My husband works with us now and was excited when she was old enough to go out in the backpack. Our customers have watched both children grow up and frequently comment on how blessed we are to have three generations together. My children never used bottles or pacifiers because they have always had Mom or Dad or doting grandparents ready with plenty of attention.

Linda Appleman
Albany GA USA


My daughter, Emma, came to work with me starting when she was a month old. Fortunately, I have a very flexible and family-oriented job. I am the director of religious education at my church. During the week, I am alone most of the day in my office, so privacy is not an issue. On Sundays, however, and during meetings, I found that a sling worked really well. Emma nursed whenever she needed, and the fabric of the sling kept everything discreet.

As Emma got older, I borrowed toys from our baby nursery to keep her occupied and frequently rotated my stock so that she always had "new" toys to play with. Much of my work is done on the computer. I have become a whiz at typing with a baby on my lap.

It is definitely a challenge to balance family and work, no matter what your arrangement. But it is so rewarding to be able to show off the "church baby" knowing that her health and happiness are at least in part due to her coming to work with me.

Kaleigh Donnelly
Memphis TN USA


I am a very lucky and proud mother of a three-year-old who I got to bring to work for the first year. I had an understanding employer who realized the importance of my need to be close to my son in order to breastfeed him and my need to be close to him in general during that important first year. I worked in an office where I managed two movie theaters. I was in the office during the day when there weren't a lot of people around. I found that rule number one in having your newborn at work is to be flexible, followed quickly by rule number two, which is have a sense of humor.

I found that carrying Alexander around in a baby back pack that I got at my local camping supply store saved the day for me. Alexander could stay close and connected to me, and he would often fall asleep to the rhythm of me running around, working hard! Many people I worked with enjoyed hearing his gurgles in the background on the phone or seeing him contentedly staring over my shoulder. The only disparaging comments I got were from the occasional customer who thought he should be dressed more warmly. I also recommend a playpen for the early months so that you can put your baby down for naps. It's best to find a place in your office where a baby can be lulled to sleep (such as near a machine that makes repetitive sounds) and where it's not too distracting. I never used baby gates, but I have seen those in other workplaces in which babies were included.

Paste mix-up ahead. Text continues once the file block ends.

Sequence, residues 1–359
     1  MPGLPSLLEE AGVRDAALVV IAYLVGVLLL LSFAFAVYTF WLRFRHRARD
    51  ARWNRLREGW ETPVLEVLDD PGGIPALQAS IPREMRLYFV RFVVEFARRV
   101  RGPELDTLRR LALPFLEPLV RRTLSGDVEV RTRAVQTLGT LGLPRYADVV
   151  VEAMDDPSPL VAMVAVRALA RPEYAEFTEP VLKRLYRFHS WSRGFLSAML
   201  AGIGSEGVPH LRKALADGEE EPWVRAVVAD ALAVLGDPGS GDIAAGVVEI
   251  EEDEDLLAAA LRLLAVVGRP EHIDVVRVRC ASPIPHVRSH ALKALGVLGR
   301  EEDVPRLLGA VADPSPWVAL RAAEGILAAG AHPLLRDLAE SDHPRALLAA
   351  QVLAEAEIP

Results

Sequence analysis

You can keep bringing your baby to work as long as it's working for you, your employer, and your baby. I had to stop bringing my son to work because he had outgrown our office space and was starting to tear up other people's things. It wasn't an easy transition, but he's one of the few kids I know who knows exactly where his mommy works and he has a real idea of what I do.

Sarah Gish
Houston TX USA


My daughter Katie has accompanied me to work since she was three months old and I returned to my job. Katie was a frequent nurser and refused to be put down. I worked with her nursing and sleeping and playing in a sling until she was about nine months old and wanted down! My mom made my nursing tops with an extra long flap in the front so I could nurse discreetly in front of whoever entered the office.

In the 20 months since we first began, I have enjoyed only positive comments about my baby being with me at work. I am the telephone advice nurse in a pediatrician's office. Parents often call and ask something of me just because I am a nursing mom, not because I am a nurse. Many mothers have said they felt they had "permission" to nurse their babies longer than they expected because they had seen me nursing my toddler.

Now that Katie is almost two years old, we have converted an office to a playroom that she shares with me and the two-and-a-half-year-old daughter of a co-worker. It takes commitment and support from the business owner and other employees to have children in the workplace. I am grateful that we have been able to work this out. I have been blessed in never having to be away from my daughter for even a day.

Susan Daw
Reno, NV USA